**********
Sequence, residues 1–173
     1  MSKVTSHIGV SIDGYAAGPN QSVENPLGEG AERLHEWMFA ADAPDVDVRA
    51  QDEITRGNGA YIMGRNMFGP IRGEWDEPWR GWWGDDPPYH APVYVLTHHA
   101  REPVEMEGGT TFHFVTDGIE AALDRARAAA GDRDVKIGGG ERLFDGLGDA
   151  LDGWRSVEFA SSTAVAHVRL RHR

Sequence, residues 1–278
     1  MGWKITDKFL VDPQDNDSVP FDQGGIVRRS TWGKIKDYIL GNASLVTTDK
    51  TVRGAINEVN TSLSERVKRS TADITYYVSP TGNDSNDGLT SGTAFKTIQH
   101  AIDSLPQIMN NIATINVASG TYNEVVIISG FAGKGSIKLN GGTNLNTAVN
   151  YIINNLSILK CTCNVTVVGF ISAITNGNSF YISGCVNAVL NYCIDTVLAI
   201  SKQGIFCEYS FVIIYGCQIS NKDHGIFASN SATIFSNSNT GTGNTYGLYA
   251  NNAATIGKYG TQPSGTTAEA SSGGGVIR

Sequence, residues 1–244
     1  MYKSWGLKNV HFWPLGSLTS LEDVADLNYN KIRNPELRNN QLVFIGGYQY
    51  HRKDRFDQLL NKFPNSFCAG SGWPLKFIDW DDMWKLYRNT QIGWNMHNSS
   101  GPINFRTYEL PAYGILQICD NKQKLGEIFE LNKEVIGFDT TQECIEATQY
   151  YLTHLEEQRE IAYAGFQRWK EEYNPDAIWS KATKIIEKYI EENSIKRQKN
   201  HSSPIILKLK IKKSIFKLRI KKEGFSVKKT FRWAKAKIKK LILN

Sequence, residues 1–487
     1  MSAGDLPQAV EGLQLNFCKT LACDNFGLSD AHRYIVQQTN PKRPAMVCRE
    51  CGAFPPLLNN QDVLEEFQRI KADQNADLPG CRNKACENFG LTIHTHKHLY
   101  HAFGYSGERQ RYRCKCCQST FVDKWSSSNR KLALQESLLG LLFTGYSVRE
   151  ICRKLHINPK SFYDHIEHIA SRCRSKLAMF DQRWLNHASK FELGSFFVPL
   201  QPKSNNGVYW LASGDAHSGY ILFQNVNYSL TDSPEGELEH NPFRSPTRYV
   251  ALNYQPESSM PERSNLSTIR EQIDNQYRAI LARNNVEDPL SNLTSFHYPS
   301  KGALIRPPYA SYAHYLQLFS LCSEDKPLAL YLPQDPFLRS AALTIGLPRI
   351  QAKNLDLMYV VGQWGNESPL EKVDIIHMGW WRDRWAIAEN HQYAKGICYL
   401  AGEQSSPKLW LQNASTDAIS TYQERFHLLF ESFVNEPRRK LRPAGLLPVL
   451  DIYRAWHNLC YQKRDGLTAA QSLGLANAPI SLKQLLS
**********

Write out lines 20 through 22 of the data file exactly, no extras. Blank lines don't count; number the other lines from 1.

     1  MSAGDLPQAV EGLQLNFCKT LACDNFGLSD AHRYIVQQTN PKRPAMVCRE
    51  CGAFPPLLNN QDVLEEFQRI KADQNADLPG CRNKACENFG LTIHTHKHLY
   101  HAFGYSGERQ RYRCKCCQST FVDKWSSSNR KLALQESLLG LLFTGYSVRE